In the town square of Torotoro, Bolivia, a huge dinosaur statue takes the place of the usual fountain in the center of the plaza. In a Jurassic Park-style local ecotourism promotion effort, Torotoro is branding itself around its national park’s most popular highlight: the dinosaur tracks that are cemented into the ground after millennia of sedimentation. Even the buses that head to Torotoro from the closest city of Cochabamba are airbrushed with wild dinosaur graphics. The tracks, however, are just one of the many ecotourism attractions in Torotoro.
Once in the town, you can find a handful of local accommodations and the one tourism office in the center, across from the dinosaur. Here, you can arrange a guide and transportation to enter the national park, which requires that visitors pay an entrance fee and bring local guides with them. The guides, who speak at least two languages including local Quechua, will take to you the caverns, the caves, and the waterfalls that are all within the protected area.
At over 4,000 meters of altitude, the Ciudad de Itlas cavernas are literally a high point of a tour through Torotoro National Park. Fantastically contoured rock formations form walls and caverns to walk in, around, on, and under. This is one more of Bolivia’s surrealist landscapes that Salvador Dal? would have loved. The bulbous shapes and curves of the terrain make for capricious rock gazing and shape spotting. Do you see a tortoise? Or is it more like the face of a snake?
The guide will explain how previous generations of cattle ranchers used one area, the escondite de vacas (cattle hiding place) to protect their cows from thieves and predators. In another area, the entrance was just big enough to let calves in, but once they grew and fattened, they were conveniently confined in the small grazing space.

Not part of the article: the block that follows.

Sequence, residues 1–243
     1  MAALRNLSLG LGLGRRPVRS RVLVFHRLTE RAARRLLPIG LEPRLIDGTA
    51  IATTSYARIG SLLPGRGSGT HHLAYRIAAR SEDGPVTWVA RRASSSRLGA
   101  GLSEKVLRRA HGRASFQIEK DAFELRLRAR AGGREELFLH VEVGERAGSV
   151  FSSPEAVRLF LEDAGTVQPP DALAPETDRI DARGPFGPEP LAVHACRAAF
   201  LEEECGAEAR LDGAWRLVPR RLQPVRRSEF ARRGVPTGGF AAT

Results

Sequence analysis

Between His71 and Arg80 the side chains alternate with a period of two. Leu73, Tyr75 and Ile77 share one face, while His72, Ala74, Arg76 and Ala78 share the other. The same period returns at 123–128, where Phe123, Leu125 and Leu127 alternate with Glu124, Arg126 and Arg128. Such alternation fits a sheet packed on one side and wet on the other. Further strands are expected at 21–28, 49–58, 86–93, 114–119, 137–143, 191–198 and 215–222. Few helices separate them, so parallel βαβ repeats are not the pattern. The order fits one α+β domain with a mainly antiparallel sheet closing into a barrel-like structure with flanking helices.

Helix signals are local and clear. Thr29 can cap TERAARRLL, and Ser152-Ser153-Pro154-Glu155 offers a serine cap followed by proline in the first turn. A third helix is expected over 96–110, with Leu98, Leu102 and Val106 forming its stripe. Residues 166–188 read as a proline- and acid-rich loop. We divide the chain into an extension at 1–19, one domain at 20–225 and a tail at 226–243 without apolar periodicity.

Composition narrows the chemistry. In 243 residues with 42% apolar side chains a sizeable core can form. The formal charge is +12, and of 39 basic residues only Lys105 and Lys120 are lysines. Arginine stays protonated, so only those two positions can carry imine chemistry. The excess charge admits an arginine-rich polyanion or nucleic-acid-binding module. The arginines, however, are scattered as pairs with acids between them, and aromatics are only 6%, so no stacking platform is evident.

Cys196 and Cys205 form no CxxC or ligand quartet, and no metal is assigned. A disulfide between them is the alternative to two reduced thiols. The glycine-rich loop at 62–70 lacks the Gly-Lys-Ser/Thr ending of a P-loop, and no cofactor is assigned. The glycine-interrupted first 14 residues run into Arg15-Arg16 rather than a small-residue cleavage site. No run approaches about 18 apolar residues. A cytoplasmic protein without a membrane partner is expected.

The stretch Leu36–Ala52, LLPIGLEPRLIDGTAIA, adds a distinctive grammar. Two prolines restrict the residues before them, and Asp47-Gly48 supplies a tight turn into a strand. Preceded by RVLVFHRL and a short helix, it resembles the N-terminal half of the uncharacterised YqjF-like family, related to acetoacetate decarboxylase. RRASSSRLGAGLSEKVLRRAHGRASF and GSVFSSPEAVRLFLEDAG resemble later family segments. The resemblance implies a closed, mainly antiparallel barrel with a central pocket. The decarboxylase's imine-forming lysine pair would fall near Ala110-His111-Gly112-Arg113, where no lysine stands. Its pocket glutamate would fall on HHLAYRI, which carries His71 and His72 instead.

For a true underground cave adventure, another attraction in the park is the Umajalanta cave, one of the longest cave passages in South America. As part of your entrance fee, you are equipped with a helmet and headlamp — you’ll need them both! As you traverse the “seven rooms” of the cave circuit, you will find yourself in some very tight situations and wondering how you’ll fit through the tunnels.
Thousands of years of stalagmite and stalactite formations stretch the imagination with resemblance to faces, weeping willows, and Christmas trees. Toward the end of the tour, your guide will stop the group for a moment of complete sensory deprivation. With headlamps turned off, you can spend a moment in the complete silence and darkness that can only be found in the depths of a cave.
A third highlight of Torotoro National Park is El Vergel waterfalls, set deep in the canyon. The body of water gets its name from the Quechua waca sinqa, which means “cow’s nose.” Water cascades down from several ponds. Visit the “birthplace of the rainbow,” where a curtain of water falls over mossy rocks and and rainbow mists. You can even take a plunge in the clear waters, which aren’t too cold thanks to the canyon’s microclimate.
For more information about how to make this ecotourism holiday from Cochabamba, contact the Sustainable Bolivia office. Volunteers from this organization often make weekend trips to Torotoro from the city of Cochabamba